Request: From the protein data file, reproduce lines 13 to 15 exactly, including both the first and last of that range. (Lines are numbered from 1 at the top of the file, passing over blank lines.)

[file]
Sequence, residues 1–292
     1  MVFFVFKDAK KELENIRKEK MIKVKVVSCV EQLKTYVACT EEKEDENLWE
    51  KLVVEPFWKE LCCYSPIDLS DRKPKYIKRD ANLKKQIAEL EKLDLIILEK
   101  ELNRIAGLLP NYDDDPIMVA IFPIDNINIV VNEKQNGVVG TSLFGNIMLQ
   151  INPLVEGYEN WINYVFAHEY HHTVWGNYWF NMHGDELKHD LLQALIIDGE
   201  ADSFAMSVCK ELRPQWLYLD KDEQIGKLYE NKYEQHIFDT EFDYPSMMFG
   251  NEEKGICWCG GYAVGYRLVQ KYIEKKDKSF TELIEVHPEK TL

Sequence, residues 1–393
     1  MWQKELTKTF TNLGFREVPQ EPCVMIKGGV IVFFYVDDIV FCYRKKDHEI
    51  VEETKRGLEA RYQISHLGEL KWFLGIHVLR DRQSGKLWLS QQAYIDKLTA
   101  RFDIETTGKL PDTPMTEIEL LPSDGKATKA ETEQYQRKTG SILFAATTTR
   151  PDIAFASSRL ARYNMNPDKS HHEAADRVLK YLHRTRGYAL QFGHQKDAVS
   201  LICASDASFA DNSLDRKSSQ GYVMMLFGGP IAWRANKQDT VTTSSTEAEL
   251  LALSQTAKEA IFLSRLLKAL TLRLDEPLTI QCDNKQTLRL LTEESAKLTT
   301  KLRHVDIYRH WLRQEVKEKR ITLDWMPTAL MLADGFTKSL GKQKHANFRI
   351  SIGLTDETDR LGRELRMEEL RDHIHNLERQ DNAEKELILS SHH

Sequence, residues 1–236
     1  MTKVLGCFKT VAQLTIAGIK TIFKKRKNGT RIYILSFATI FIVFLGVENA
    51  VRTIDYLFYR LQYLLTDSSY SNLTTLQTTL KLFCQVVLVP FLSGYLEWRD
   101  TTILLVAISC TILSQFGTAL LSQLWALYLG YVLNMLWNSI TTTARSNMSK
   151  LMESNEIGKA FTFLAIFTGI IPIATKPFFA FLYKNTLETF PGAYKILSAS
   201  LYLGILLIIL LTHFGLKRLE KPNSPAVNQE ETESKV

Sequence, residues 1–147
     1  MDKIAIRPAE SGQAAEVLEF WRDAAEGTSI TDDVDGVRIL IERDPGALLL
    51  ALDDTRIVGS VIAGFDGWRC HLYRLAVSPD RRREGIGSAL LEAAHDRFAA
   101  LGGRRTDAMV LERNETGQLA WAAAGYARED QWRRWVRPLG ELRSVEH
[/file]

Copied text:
   201  LICASDASFA DNSLDRKSSQ GYVMMLFGGP IAWRANKQDT VTTSSTEAEL
   251  LALSQTAKEA IFLSRLLKAL TLRLDEPLTI QCDNKQTLRL LTEESAKLTT
   301  KLRHVDIYRH WLRQEVKEKR ITLDWMPTAL MLADGFTKSL GKQKHANFRI